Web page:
Tool: How to create your organizations WHY
By Erik Korsvik Østergaard, 31. May 2016
Our mission and purpose is … what?
The past few weeks I’ve both seen some presentations on how to find your organizations WHY and purpose, and I have been part of such process myself in an organization.
Here’s one of my tools for creating your organizations WHY, based on +50 workshops in organizations and teams over the last years.
Step 1: Understand why you need a WHY
Get acquainted with the philosophy and psychology behind having a purpose. Here are some good places to start:
- You can (must!) study Simon Sinek’s Golden Circle and the book “Start With Why”. You can have a fast run-through of it in his TED talk
- Daniel Pink’s “DRIVE – the surprising truth about what motivates people”
- “UNBOSS” by Kolind and Bøtter
- You can read the many articles, e.g. The Imperative Index 2015, or KRIFA’s annual report on happiness at work (in Danish)
- “Why Storytelling Will Be the Biggest Business Skill of the Next 5 Years” by Shane Snow
- Or – if you want financial argumentation – read this by Financial Times: “Companies with a purpose beyond profit tend to make more money”
Source: Simon Sinek via Forbes
Also, you must understand, that finding the purpose can be a cumbersome and long-lasting process, that even can take months or years to nail perfectly. And you should be ready for adjusting it over time.
And, we’re not discussing your personal WHY, which is a similar but slightly different approach. I’ve taken Simon Sinek’s online course on this in order to teach others how to do it, but it’s not in scope for this blog post.
This process has turned out to work in 9 of 10 cases, but might still need adjustment to fit your context.
Step 2: Setup a 3 hour workshop
- Watch the Simon Sinek TED Talk video together. Debate if afterwards.
- Debate what your organization really(!) does. Answer these questions:
- What problem are you solving?
- For whom?
- What benefit do they get from us?
- Remember: A good WHY is unselfish, and underlines that what we do is to the benefit of somebody else.
- Find examples of actions and projects you have executed, that is in line with the purpose. Good examples makes it easier for people to connect with. Storytelling is a huge part of the emotional message, you are conveying.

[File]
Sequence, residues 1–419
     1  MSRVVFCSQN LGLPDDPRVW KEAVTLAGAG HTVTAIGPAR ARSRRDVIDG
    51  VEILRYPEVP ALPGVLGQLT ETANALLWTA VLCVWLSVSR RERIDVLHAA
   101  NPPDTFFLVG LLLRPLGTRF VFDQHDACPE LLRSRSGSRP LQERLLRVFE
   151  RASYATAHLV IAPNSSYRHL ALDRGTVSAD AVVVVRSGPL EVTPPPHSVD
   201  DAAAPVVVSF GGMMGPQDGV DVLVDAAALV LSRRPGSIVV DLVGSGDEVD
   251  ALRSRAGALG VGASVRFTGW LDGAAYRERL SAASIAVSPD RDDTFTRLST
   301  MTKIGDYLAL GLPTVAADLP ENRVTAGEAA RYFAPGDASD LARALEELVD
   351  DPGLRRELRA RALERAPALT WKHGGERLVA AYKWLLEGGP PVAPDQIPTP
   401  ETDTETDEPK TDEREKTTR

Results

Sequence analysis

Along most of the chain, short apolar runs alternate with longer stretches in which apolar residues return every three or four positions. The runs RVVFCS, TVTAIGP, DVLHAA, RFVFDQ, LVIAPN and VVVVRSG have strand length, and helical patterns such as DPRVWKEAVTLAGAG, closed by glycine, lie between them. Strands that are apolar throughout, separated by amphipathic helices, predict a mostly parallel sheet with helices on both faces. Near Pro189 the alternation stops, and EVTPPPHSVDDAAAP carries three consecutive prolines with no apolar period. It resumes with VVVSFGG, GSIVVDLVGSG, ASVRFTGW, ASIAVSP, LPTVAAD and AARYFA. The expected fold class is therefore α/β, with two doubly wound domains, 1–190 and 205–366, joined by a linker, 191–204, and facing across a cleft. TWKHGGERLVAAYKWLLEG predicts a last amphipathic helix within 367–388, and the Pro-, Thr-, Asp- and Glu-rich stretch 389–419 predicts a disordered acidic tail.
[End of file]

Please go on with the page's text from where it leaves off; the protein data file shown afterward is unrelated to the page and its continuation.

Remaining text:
- Work in pairs and debate the WHY and try to come up with a good phrase that captures it. You might need to include HOWs and WHATs, if relevant to either clear your head or understand your WHY
- Work in groups of six-ten to show’n’tell your ideas. Inspect and adapt.
- Finally, a mutual show’n’tell and debate until you are done. The specific choice of words is important here. It’s all about feelings.
Use the checklist below for what a good WHY is.
I have experienced people get goosebumps when the right phrase for the purpose is on the whiteboard.
Step 3: Let it sink in, then adjust it if needed
A good WHY might have to grow on you and might need adjustment.
Get some feedback on the WHY. Test it. What feeling do you have, when you tell others about the WHY? Does it feel great? And how do they respond to it?
If adjustments are needed, then apply them.
Inspect and adapt.
Step 4: Activate the WHY
You need to activate the WHY
- Present it properly. Storytelling and visuals are key to the communication.
- If it feels right, it is right
- Use the WHY in presentations
- Use the WHY for framing your activities, both HOW and WHAT
- Use the WHY for creating motivation and a movement
- And most of all, use the WHY actively in decision making, when engaging people, when committing to deals, and when prioritizing tasks
Step 5: Use the WHY actively
Let me repeat the last bullet in step 4:
- Use the WHY actively
- in decision making
- when engaging people
- when committing to deals
- when prioritizing tasks
- Use the WHY actively
- Use the WHY actively
Words without actions are dead words.
The checklist for a good why
The Expert level
A great WHY ensures, that we work to solve the “Global Grand Challenges” as described by Singularity University: Food. Education. Water. Security. Global Health. Energy. Environment. Poverty. Space.
A great WHY ensures, that we work to reach The 17 Sustainable Goals as described by the UN.
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